Hillstomping Update: The Adirondacks Trip

Hillstomping Update: The Adirondacks Trip

Well, for all my big talk about bagging all those peaks, we ended up only bagging one. The hiking trip to the Adirondacks turned into more of a camping trip since the summits were immersed in clouds. We camped the first night in the Garden parking lot and then headed down the John’s Brook trail by the dawn’s early light, seven easy miles to the Slant Rock area where we made camp for the night. It was chilly, drizzly, and uniformly overcast that day and the next, too. When we climbed up Mt. Marcy the next day, we were right smack in the middle of a cloud with visibility of about 50 feet. Since there was nothing to see from any of the high peaks, there was no point in climbing any more of them so we broke camp and hiked on out. Back in town, we purchased adult beverages and camped out at Marcy Field where we built a raging inferno, imbibed liberally on fermented grain beverages, and ate MREs.

Miscellaneous trip notes:

  • Crossing Lake Champlain on the ferry is always a pleasant experience. The ferries are well-run by friendly crews and very economical at only $13.50 round trip.
  • We met the hut master at the Johns Brook Lodge, a cynical fat guy who loved to hear himself complain about cynical fat guests.
  • At the Bushnell Falls lean-to, there were five older guys from Ohio staying there when we passed it on the way to Slant Rock. One guy had an enormous hairy beer belly that hung over his waist with a giant scar that ran down the length of his belly and flacid, droopy teets to complete the picture of health. Another one was smitten by Ouzo, my German Shepherd hiking bud, and we stopped to chat for a moment. As we were leaving, I noticed wads of white toilet paper in the woods in front of the lean-to. Not 50 feet up the trail from the lean-to was the outhouse. These guys either didn’t know the outhouse was there or they enjoyed taking dumps directly on the forest floor in full view of the lean-to. I think I now see why Ohio is called the Buckeye state.
  • German Short-Haired Pointers are the most neurotic dogs I’ve ever seen.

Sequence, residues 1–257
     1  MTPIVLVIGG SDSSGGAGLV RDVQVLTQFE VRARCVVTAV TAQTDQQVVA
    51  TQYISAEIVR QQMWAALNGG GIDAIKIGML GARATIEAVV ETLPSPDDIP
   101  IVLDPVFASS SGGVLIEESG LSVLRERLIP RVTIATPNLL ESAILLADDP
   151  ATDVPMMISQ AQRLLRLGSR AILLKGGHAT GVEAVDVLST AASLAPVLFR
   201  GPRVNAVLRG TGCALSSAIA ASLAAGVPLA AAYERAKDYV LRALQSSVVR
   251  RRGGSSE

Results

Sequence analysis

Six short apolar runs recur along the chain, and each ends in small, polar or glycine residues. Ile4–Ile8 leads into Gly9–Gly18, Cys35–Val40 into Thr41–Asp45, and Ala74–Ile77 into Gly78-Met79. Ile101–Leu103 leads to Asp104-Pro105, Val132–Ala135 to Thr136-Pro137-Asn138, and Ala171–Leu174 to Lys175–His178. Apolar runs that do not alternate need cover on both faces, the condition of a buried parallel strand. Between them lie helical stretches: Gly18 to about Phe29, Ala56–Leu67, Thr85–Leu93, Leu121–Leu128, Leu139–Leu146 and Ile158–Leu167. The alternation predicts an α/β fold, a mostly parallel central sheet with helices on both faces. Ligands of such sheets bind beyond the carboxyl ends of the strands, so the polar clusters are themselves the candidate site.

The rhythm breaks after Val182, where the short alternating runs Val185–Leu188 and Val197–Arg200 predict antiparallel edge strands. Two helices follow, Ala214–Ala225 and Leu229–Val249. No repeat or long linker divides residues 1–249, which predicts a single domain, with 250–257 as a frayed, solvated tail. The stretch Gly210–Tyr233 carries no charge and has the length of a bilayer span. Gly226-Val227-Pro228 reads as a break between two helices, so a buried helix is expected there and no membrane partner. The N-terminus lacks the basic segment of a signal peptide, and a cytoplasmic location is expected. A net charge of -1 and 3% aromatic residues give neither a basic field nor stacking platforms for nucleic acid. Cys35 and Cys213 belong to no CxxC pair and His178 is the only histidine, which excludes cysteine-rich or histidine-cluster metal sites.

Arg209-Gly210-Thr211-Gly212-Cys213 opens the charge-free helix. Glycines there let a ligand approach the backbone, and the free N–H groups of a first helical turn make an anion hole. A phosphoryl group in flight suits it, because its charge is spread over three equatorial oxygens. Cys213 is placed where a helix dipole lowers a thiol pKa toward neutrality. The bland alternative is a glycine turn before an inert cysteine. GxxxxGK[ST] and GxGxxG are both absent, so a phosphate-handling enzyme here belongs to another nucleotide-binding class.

• The AMC is a superior mountain club to the ADK. I think this is probably due to the AMC’s prominence in its domain, the White Mountains, where it works in partnership with the USFS to educate hikers on the wise stewardship of the land. The ADK, on the other hand, is forced to play a subordinate, peripheral role in the Adirondacks to a heavy-handed state regulatory agency, the NY DEC, whose keyword is “mandate” rather than “educate.” For example, in the White Mountains, the AMC teaches that dogs should be on a leash or otherwise under control. A good-tempered dog obedient to verbal commands is under control and it’s left to the owner to make the final decision on whether or not his dog should be leashed. The NY DEC, on the other hand, mandates that dogs must be leashed at all times with threats of rangers patrolling and slapping you with a $50 fine. This basic mistrust of the individual to make the right decision is the cultural keynote for New York. Where New York has legions of bureaucrats sitting around spewing out Rulz, New Hampshire prefers to give the individual good information and then trust that they’ll make the right decision. New York relies heavily on government action; New Hampshire relies on volunteerism and cooperative action. The Adirondacks would be a great place to hike except for that thing around it called New York.
  • But New York almost totally redeems itself with its flagship product, Genesee beer. You can still purchase this fine light-bodied beer for only three bucks a six-pack at the Stewart Shop in Keene Valley, NY–a real treat for the quantity beer drinker.


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